Picture this scenario. You finally make it to the hit TV show, “Who Wants To Be A Millionaire.” You’re sitting across from Regis and you have answered every question successfully. You are about to face the final question for a million dollars. Here is your question: “What two famous...
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Picture this scenario. You finally make it to the hit TV show, “Who Wants To Be A Millionaire.” You’re sitting across from Regis and you have answered every question successfully. You are about to face the final question for a million dollars. Here is your question: “What two famous characters in the TV show ‘Emergency!’ propelled fire service EMS nationwide and created an entire generation of young professionals who would enter the fire service as paramedics?”
The screen shows your four possible answers: A – Bud Abbott and Lou Costello; B – Jerry Lewis and Dean Martin; C – Johnny Gage and Roy DeSoto; D – George Burns and Gracie Allen. You’re stumped!
But there is salvation and hope. You have one “lifeline” left. You can call somebody! You tell Regis that you want to use your lifeline. But who are you going to call? You tell Regis that want to call “Jim Page in San Diego.” AT&T gets Page on the phone, and you read the question to him. Without hesitation, he tells you the answer is C - Johnny Gage and Roy DeSoto. You take his advice and tell Regis that your answer is C – Johnny Gage and Roy DeSoto. “Final answer?” asks Regis. You reply, “Yes.” Regis gives you that long pause and then bellows that your answer is correct and you are a new millionaire.
Smart move! You called Jim Page, executive director of Project 51 and publisher of several publications, including the Journal of Emergency Medical Services and Fire Rescue Magazine. He was the technical advisor for “Emergency!” while he was working as a battalion chief for the Los Angeles County Fire Department. In the early 1970s, “Emergency!” was one of the most highly rated series on TV – and in the late 1990s, it is the highest-rated rerun show. Without a doubt, “Emergency!” inspired thousands of young men and women to enter the fire service and pursue careers in the developing field of emergency medical service.
Project 51’s objective is to share with the public, on the 30th anniversary of paramedics in the United States, the history of this lifesaving discipline, and the dramatic impact “Emergency!” played with the development of EMS across the country.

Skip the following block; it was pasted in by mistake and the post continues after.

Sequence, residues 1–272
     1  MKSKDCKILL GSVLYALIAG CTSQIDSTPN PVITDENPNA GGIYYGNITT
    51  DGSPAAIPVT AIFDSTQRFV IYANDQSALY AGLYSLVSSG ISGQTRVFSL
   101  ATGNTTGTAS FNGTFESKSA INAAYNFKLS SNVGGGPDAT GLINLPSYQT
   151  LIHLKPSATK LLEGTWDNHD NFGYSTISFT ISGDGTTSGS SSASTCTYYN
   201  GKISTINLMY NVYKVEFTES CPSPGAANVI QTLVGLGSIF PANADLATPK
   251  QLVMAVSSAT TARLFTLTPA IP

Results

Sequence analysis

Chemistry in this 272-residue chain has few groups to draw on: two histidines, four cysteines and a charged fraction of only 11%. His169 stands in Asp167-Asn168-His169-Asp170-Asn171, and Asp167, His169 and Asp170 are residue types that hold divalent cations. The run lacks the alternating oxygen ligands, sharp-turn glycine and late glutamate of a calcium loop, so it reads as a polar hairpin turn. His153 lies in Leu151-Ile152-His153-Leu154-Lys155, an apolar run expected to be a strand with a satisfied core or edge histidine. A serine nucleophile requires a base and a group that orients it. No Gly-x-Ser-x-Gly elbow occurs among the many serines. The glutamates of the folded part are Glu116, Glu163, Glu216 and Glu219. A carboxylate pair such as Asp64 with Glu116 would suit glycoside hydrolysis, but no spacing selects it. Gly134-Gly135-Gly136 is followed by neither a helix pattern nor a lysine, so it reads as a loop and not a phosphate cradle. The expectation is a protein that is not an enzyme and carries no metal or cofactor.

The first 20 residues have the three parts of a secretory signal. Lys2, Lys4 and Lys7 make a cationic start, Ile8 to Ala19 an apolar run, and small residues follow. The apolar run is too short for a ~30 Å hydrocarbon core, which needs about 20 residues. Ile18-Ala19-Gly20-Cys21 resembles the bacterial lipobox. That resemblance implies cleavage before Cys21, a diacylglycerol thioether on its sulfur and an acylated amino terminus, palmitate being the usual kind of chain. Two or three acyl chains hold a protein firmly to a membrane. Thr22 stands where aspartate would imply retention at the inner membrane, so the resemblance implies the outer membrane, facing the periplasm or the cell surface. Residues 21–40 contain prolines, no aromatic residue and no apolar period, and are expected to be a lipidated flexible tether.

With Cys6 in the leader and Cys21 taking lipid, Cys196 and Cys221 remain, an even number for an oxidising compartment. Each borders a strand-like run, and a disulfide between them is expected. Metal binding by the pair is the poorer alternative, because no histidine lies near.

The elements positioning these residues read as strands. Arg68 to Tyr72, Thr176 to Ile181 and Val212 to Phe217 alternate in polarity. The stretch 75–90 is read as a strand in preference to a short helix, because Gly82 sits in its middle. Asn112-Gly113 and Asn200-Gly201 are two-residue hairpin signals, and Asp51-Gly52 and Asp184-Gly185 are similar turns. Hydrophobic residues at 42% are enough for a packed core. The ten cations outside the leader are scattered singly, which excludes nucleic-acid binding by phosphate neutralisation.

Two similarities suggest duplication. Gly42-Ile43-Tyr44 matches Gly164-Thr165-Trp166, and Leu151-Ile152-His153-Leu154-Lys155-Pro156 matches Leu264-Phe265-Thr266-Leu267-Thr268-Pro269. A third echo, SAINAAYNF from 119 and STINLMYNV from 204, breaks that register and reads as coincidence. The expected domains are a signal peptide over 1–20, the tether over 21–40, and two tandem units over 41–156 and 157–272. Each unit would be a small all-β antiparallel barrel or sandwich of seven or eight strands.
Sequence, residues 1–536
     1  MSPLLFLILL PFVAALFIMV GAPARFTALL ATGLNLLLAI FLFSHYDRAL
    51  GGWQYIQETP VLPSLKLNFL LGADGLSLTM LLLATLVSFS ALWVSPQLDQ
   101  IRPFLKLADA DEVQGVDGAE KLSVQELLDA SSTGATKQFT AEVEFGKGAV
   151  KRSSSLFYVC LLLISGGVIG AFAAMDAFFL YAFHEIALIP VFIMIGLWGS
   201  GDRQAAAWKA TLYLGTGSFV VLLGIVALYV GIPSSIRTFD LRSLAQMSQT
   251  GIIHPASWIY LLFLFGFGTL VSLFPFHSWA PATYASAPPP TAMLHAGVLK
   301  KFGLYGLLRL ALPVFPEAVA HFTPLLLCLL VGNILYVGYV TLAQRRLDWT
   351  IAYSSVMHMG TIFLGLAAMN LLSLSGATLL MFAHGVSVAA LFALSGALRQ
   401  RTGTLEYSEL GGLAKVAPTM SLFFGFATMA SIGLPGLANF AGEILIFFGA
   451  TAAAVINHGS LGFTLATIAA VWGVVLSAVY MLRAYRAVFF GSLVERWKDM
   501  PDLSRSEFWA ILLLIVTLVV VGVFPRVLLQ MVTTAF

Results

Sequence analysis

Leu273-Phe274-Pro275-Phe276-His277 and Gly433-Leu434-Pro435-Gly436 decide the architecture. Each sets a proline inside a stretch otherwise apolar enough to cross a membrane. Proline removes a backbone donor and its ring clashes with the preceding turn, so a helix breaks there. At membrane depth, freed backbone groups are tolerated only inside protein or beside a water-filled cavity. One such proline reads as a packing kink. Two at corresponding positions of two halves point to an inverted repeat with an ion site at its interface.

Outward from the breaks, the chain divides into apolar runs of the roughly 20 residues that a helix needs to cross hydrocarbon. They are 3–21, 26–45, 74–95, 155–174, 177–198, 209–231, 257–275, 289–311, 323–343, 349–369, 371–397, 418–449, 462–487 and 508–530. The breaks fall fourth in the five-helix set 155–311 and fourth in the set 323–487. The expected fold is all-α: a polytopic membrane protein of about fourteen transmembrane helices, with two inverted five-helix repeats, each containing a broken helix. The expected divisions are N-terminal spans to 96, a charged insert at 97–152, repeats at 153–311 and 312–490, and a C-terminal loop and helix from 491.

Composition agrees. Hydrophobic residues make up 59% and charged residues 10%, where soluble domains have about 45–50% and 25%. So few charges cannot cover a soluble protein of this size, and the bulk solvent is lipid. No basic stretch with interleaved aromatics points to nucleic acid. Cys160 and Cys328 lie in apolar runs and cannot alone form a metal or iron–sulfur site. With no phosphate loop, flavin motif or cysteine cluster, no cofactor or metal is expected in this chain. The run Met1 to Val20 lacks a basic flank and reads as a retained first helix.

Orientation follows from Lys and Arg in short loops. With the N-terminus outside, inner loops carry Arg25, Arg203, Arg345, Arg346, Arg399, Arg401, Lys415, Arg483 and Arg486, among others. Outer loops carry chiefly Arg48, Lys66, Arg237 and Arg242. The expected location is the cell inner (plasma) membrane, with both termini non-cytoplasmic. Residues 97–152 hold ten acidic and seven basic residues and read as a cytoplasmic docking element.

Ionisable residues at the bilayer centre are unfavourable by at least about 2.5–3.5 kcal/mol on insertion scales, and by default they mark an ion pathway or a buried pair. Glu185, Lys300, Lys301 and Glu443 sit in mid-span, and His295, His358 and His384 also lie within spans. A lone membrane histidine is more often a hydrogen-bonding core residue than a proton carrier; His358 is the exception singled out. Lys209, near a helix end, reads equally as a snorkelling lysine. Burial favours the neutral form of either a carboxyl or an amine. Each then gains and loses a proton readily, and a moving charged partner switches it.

“Emergency!” aired on NBC on Saturday evenings from January 1972 until September 1978. It followed the actions of Squad 51 of the Los Angeles County Fire Department’s Paramedic Rescue Service. The main characters of the show included the two paramedic/firefighters of Squad 51 (Johnny Gage and Roy DeSoto, played by Randy Mantooth and Kevin Tighe), the four members of Engine 51 and the staff of Rampart General Hospital. Each episode featured several emergency incidents that could be serious and dramatic or sometimes humorous.
There is little doubt that “Emergency!” had a dramatic impact on the development of emergency medical services in the United States and in shaping the careers of many people. When the show first aired in 1972, the concept of bringing the emergency room to the scene through firefighters was as foreign to the American public as air travel might have been to the founders of our country.
The TV show generated tremendous community interest nationwide to the concept of mobile intensive care units. Overnight, civic leaders were questioned about EMS delivery in their communities after those living there saw what the TV show portrayed and wondered why the same services could not be offered to them. Many young people who watched the TV series later became “by-products of Johnny and Roy” as they sought careers in the fire service as paramedics. Additionally, the concept of using engine companies as first responders also blossomed from the TV series and is commonplace in today’s fire service.